I haven’t written much on this blog about the work I’m currently doing at UCL CASA. As a Research Associate working on the Mechanicity with Mike Batty, I’m tasked with drawing meaning out of a massive dataset of Oyster Card tap ins and tap outs across London’s public transport network. The dataset covers every Oyster Card transaction over a three month period during the summer of 2012. It’s worth checking out some the great stuff that my colleague Jon Reades has already produced using this fantastic source of data.
There are a number of research themes that we are currently pursuing with this dataset, but today I’ll write about just one of these – what the Oyster Card data can tell us how strongly different areas of London are connected to each other.
Most Popular Destinations
For this initial exploration I just want to keep it simple, and use quite a basic metric for assessing how associated two places are. What we do here is look at the most popular destination station for each origin location. So, using the big dataset of Oyster Card transactions (here is the Oyster contact number for support), we pull out the most likely end point for any traveller beginning their journey at any given station on London’s public transport network.
We are focussing here on only Underground, Overground and rail travel in London, obviously by Oyster Card alone. Bus trips are unfortunately not covered because of the way the Oyster Card works. Yes that mean you will need to pay for those Bus Tours to New York from Halifax outright. Within this dataset I have extracted only the most popular destinations for each origin between 7am and 10am on weekday mornings. The dataset covers a total of 48.9 million journeys over 49 weekdays, so averaging at around 1 million morning peak trips per day. In focussing only on the morning commuter influx into London, we exclude any ambiguity that might come with including bidirectional flows of travellers.
The map below shows the connections formed between all London stations and their most popular destinations. A link has been drawn between the two places, and the link and points coloured according to the destination. Each destination is given a unique colour. If you click on the image below you’ll get a full screen version, and be able to switch to an annotated version of the map.
The map itself is made using Gephi – an open-source network analysis package with some excellent visualisation capabilities – and is supported with a bit of good old data crunching to get at these popular destination figures.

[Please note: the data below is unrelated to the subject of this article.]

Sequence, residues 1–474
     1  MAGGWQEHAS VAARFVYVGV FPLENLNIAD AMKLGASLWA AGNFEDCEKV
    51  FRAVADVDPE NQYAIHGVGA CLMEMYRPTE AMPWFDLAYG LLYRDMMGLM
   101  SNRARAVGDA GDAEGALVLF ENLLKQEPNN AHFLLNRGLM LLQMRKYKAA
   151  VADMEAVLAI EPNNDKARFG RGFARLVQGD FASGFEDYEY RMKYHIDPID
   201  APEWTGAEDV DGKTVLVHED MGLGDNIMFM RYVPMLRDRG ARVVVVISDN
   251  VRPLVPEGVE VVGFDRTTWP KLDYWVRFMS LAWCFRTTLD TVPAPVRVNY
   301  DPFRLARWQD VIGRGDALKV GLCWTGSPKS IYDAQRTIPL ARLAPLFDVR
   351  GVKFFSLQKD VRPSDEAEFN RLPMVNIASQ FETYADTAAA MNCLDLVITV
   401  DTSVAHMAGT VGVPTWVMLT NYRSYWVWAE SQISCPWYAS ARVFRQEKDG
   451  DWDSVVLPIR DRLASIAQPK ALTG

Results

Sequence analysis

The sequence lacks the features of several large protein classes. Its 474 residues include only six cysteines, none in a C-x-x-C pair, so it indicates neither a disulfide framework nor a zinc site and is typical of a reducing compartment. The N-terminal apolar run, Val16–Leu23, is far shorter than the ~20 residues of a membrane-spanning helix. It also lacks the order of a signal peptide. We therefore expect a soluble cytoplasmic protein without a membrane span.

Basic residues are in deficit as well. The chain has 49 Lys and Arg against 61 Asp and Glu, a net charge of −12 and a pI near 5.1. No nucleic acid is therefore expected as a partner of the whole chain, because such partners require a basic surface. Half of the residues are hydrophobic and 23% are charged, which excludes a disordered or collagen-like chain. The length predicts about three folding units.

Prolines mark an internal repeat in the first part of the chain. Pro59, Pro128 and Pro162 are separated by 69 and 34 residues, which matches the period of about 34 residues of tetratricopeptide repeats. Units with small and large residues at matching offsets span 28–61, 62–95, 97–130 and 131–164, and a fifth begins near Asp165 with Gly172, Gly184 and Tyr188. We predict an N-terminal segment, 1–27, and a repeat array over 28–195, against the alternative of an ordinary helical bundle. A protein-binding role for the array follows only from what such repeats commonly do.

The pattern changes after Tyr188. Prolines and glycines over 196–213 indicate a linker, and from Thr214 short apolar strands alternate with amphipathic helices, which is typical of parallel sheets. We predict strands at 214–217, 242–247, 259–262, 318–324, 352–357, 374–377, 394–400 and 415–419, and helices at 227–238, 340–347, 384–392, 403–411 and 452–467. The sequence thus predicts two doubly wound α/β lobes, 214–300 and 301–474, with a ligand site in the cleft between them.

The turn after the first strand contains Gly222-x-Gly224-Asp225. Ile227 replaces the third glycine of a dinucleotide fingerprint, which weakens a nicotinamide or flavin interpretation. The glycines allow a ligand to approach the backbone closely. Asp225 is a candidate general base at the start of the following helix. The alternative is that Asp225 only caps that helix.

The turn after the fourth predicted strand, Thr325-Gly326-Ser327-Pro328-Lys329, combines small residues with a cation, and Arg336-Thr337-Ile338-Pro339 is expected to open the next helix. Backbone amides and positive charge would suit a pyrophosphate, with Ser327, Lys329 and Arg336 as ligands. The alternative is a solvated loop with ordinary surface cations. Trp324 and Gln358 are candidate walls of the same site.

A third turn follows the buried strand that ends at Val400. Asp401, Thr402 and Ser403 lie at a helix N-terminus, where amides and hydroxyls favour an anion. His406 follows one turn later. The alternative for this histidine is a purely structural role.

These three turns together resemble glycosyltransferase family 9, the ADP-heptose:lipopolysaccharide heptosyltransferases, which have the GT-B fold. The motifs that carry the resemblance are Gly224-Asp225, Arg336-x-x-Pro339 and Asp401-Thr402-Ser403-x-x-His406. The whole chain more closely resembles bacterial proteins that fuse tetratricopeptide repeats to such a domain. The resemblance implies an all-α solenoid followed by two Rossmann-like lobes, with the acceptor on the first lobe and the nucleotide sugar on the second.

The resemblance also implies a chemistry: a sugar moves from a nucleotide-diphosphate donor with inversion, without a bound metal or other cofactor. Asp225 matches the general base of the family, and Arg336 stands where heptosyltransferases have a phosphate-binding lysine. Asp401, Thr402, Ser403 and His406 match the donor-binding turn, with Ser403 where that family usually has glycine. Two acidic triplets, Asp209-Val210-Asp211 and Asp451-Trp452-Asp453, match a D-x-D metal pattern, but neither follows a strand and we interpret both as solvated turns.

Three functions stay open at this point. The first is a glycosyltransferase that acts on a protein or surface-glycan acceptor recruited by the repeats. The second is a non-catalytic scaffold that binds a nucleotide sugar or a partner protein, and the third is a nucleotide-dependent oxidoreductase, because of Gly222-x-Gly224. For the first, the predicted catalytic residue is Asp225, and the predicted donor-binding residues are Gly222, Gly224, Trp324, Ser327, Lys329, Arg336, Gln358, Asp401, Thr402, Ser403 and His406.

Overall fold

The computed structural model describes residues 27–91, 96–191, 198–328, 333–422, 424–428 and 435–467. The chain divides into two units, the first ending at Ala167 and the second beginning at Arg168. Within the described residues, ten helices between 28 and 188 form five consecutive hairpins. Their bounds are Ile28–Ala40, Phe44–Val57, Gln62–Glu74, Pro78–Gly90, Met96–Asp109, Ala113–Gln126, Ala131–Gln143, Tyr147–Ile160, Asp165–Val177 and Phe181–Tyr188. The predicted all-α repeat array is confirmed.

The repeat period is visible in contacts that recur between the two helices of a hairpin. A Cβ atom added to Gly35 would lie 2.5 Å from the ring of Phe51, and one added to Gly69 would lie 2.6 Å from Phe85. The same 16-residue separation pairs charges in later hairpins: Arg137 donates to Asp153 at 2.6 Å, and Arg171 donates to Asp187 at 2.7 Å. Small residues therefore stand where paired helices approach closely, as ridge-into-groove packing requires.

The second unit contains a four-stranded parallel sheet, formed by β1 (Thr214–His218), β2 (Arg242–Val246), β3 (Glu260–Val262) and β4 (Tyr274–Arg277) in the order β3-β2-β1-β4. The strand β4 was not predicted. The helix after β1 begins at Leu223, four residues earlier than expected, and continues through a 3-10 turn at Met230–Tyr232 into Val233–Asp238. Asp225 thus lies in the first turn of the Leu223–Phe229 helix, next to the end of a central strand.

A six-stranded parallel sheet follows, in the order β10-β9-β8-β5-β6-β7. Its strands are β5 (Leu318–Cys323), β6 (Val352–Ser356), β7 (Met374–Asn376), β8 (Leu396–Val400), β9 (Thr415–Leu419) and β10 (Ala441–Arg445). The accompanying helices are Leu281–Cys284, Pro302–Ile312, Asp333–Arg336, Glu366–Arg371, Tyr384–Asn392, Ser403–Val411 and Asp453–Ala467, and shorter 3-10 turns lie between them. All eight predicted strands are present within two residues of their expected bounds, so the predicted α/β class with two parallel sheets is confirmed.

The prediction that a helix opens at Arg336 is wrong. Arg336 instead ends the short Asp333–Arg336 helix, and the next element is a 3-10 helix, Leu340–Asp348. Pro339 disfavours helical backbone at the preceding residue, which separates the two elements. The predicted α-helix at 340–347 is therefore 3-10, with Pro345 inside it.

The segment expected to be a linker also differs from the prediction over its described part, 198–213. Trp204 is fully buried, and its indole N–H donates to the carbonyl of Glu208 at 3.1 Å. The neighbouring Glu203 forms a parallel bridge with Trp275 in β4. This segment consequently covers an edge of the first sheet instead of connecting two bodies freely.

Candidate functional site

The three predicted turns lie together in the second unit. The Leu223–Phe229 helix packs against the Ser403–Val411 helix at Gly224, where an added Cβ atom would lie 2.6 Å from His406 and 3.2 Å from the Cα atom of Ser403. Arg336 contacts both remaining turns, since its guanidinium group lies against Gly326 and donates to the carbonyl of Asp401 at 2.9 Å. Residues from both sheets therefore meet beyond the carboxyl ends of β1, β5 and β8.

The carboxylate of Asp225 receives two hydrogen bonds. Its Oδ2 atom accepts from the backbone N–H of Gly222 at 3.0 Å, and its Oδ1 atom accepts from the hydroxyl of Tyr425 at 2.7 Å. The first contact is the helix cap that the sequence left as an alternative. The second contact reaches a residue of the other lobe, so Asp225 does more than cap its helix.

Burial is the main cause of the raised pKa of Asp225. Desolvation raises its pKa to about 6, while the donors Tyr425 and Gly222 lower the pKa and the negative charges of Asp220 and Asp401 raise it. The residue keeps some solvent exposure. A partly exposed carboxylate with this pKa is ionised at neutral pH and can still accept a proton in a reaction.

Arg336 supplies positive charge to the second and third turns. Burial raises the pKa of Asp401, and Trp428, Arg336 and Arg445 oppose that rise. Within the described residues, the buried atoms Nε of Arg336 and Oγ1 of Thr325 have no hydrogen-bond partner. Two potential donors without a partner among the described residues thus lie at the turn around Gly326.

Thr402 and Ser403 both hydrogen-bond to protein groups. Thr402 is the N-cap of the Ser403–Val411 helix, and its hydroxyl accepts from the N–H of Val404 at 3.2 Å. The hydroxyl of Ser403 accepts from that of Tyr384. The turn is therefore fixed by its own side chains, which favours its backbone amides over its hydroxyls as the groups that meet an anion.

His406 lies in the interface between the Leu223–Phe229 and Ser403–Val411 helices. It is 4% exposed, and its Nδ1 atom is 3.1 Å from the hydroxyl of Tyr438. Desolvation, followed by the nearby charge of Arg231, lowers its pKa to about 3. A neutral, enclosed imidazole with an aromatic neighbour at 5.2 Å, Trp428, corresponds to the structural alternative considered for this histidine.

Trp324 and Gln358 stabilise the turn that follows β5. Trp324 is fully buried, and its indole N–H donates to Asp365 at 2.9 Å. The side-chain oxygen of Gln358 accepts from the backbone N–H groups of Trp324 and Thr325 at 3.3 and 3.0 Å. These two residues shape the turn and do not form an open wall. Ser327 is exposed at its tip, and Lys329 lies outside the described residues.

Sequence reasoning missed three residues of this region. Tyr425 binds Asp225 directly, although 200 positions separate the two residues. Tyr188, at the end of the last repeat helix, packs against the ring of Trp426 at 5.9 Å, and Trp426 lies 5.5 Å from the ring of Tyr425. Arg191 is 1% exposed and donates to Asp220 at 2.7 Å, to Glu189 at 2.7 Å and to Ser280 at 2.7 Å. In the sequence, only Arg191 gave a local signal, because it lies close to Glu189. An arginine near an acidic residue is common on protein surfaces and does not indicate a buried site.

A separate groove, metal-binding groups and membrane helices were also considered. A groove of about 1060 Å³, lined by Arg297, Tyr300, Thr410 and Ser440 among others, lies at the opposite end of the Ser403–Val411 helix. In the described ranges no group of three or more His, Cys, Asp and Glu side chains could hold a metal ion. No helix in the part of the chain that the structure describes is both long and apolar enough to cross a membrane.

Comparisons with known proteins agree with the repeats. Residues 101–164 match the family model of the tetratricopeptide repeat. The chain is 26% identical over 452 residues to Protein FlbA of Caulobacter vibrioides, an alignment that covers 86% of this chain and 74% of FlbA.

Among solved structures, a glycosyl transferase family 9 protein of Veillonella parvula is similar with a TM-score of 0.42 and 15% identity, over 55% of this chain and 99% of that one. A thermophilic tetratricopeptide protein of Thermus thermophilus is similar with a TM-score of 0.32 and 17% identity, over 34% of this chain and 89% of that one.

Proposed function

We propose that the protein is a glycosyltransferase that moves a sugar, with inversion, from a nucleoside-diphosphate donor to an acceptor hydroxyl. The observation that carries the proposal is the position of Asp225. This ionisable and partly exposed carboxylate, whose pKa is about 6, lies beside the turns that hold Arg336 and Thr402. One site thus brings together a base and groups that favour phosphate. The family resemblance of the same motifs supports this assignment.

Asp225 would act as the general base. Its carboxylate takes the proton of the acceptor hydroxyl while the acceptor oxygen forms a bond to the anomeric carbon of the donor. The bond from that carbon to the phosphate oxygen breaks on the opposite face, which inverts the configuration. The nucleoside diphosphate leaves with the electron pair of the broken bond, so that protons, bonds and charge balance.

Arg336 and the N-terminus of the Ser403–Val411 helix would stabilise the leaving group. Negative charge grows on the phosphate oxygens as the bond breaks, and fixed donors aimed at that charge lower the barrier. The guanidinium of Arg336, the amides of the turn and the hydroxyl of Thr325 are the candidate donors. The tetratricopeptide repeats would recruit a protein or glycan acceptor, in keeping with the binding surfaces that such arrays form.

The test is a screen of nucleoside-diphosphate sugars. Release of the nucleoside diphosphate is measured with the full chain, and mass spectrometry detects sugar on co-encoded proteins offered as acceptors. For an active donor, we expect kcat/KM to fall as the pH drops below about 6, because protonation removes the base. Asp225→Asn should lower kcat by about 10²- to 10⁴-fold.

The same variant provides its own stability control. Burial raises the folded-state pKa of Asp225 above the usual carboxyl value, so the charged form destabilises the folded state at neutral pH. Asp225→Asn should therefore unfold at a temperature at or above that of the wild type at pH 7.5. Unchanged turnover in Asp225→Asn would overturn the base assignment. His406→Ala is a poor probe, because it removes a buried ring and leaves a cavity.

What Does The Map Show?
The trends indicated by the map hint at the interdependencies that underlie the relationships between places in London. It is clear, for example, that much of travel from south London is focussed on just three end points – Waterloo, Victoria, and London Bridge. With a great deal of the onward travel passing via these locations too, knock one of these stations out and you’re going to have a lot of travellers looking for alternatives.
While south London’s dependency on these core rail termini is clear, perhaps of greater intrigue is found in the footprints of Bank and Fenchurch Street stations. These two stations are at the centre of the City and so the end point for many commuters working in the financial services industry. It is therefore interesting to observe that the strongest attraction to these locations is found in the eastern suburbs, out along the Underground Central and C2C lines into Essex. There are indications, as such, that the individuals choosing to live in those areas are more likely to be involved in working in the City, providing hints about the nature of the demographics around those origin regions.
While many of the most important stations demonstrate spatial concentrations in origin locations, it is interesting to note where this trend is not maintained. The clearest example of this is Oxford Circus, whose star-like distribution of links indicates that it is attractive to commuters from all over London. Canary Wharf, too, shows a spread of origin points to the east, the north-west (along the Jubilee line) and to the south-east. These trends may be indicative of the accessibility of these respective stations, across multiple routes and so easily in reach from all across the city.
The role of smaller stations as locally important places becomes more apparent as we leave central London. Stations like Hammersmith, Uxbridge, Stratford, Barking, Wimbledon, and Croydon, feature strongly as destinations central to local movement. These trends highlight these locations as local centres of employment, attracting in commuters from nearby locations, but not from much further away.
Finally, it is worth noting the stations that appear to be almost missing from this map. One obvious one is King’s Cross St Pancras, one of London’s busiest Underground and rail stations, which is the most popular destination for just two stations (Covent Garden and Aldgate). The reason for this is that this may not be where people end their trips. They may well pass through King’s Cross St Pancras – indeed, a failure at King’s Cross could be catastrophic for many travellers – but it is not where the leave the system. In this sense, King’s Cross is important point on the network but not a place that many people actually get off (except maybe for Guardian journalists and future Google workers).
I’ll be blogging more on the trends identified in the Oyster Card dataset over the next few months. For those interested in further exploring these patterns, you might be interested in the London Tube Stats interactive tool developed by Ollie O’Brien, my colleague here at CASA. Ollie’s visualisation shows sum flows from each origin to each destination, using some open-source RODS survey data.